Oregon Department of Human Services
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CMS approves expansion of program providing older adults and people with disabilities more options for support at home

The Centers for Medicare & Medicaid Services approved the expansion of an Oregon Department of Human Services’ (ODHS) program that gives older adults and people with disabilities more options for support to continue to live independently in their own home.

With the approval, the ODHS Office of Aging and People with Disabilities (APD) can launch a new version of its Oregon Project Independence (OPI) program that will be supported with Medicaid funds. The program expansion will begin by serving individuals who have been on waiting lists for support from OPI. New applications for services could be accepted as early as spring 2025.

Winning CMS approval for this expansion represents a significant step forward for ODHS as it strives to provide Oregonians with more choices by introducing innovative solutions. OPI was among the first programs of its kind when it was introduced in Oregon in 1975. As the program is expanded, it continues to be among only a few programs like it nationally.

“ODHS is committed to providing Oregonians with options that best fit their needs. For many, the expansion of Oregon Project Independence means they will be able to stay in their current home for years to come,” said APD Director Nakeshia Knight- Coyle.

Camille Dobson, Deputy Executive Director of ADvancing States, added, “Oregon joins several states that have received Medicaid funds to serve individuals who would otherwise not meet Medicaid’s eligibility requirements but need limited supports in order to live independently in the community. As the national association who represents state aging and disability agencies, we are heartened by CMS’ recognition of these needs and hope that other states with similar programs will follow Oregon’s lead.”

The new program, which is called Oregon Project Independence - Medicaid (OPI- M), will:

  • Provide an option for older adults to receive Medicaid-funded services without any estate recovery requirement following a recipient’s death. Estate recovery requires that the assets an individual leaves behind following their death are used to cover the cost of the services received. Eliminating estate recovery supports ODHS’ goal to find ways to support the financial stability of families by making it possible for generations to pass down life savings; and
  • Increase the income limit for individuals to qualify for Medicaid-funded services and supports. This means that more people could qualify for in-home services and supports.

Eligibility for OPI-M will be open to adults with physical disabilities aged 18 and older, as well as individuals aged 60 and older, who meet specific criteria, including income and asset limits.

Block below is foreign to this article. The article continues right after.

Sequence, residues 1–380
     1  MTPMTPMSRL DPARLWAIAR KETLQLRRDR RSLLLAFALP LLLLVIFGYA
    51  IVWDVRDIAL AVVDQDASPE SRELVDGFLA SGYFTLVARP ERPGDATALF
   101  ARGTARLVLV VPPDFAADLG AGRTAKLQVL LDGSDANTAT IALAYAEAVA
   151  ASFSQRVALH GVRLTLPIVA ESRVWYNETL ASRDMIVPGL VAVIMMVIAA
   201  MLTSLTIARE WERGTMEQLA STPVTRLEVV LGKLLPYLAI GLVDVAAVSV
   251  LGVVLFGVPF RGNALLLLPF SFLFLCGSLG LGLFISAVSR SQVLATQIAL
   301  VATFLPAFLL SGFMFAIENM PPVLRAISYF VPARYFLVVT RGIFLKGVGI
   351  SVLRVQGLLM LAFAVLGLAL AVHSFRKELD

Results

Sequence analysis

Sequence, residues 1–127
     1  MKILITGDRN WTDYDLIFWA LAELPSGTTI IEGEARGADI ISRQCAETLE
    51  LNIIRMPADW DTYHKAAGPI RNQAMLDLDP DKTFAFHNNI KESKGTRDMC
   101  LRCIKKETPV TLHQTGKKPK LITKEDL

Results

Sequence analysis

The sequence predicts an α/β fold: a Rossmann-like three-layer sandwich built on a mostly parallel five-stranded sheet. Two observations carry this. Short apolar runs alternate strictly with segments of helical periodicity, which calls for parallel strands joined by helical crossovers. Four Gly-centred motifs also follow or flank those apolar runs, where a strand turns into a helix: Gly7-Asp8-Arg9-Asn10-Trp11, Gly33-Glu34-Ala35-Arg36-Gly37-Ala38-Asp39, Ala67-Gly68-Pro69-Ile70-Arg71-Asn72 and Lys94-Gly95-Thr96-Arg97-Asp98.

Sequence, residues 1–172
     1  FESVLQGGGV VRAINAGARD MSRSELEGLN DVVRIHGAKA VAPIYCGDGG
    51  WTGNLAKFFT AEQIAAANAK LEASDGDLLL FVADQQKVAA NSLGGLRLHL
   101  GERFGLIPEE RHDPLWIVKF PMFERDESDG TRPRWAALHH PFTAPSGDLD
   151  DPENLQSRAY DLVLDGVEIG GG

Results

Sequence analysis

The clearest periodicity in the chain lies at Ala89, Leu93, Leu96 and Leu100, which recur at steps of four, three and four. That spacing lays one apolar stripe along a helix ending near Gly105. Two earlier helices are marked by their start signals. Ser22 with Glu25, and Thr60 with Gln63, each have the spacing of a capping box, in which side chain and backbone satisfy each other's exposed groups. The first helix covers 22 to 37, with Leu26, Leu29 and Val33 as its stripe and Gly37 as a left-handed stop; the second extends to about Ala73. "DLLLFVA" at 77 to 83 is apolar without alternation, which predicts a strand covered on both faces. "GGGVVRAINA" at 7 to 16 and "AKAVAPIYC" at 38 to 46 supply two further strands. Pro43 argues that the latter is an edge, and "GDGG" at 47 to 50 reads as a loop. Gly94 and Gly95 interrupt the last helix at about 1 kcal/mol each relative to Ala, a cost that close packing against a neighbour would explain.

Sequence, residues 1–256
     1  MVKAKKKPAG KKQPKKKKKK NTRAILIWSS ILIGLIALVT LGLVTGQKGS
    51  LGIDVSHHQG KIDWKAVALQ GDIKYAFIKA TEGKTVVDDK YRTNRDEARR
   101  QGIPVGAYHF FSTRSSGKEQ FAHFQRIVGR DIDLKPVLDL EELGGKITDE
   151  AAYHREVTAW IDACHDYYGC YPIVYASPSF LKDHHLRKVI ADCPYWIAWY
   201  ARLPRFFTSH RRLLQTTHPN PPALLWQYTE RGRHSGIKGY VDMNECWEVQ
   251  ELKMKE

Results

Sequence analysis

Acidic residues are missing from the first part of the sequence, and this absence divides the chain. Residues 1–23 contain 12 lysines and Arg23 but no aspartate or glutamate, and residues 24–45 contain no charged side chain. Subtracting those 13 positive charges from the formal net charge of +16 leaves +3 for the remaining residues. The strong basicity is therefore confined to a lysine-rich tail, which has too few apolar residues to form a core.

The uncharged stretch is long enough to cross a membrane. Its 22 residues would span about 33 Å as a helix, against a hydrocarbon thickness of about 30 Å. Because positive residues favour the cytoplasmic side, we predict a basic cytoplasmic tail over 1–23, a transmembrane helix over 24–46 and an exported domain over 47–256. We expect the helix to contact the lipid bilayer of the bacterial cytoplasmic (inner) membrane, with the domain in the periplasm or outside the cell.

People who receive OPI–M can access home-based services such as in-home support and personal care services, adult day services, home delivered meals, assisted transportation and assistive technology. While Oregon’s original OPI sometimes requires that participants pay a fee to participate, OPI-M services are fully covered by Medicaid funding and participants will not have to pay a fee to receive services or be subject to estate recovery following their death. People enrolled in the original state-funded OPI, who choose to remain in that program, will continue to receive approved services, ensuring continuity of care. Those who choose to move to OPI-M, the Medicaid funded program, will be able to do so.

“Oregon Project Independence - Medicaid will open doors for more older adults and people with disabilities to receive the support they require without the burden of fees or estate recovery, which can serve as a barrier for some people to receive help and perpetuate intergenerational poverty,” said APD Deputy Director of Policy Jane- ellen Weidanz, who led development of OPI - M.

For more information about OPI - M visit: https://www.oregon.gov/odhs/providers- partners/seniors-disabilities/pages/1115-demonstration-waiver.aspx

About the ODHS Office of Aging and People with Disabilities: APD’s vision is to ensure Oregon’s older adults, people with disabilities and their families experience person-centered services, supports and early interventions that are innovative and help maintain independence, promote safety, wellbeing, honor choice, respect cultural preferences, and uphold dignity.


Media contacts
Adrienne Goins
Oregon Department of Human Services

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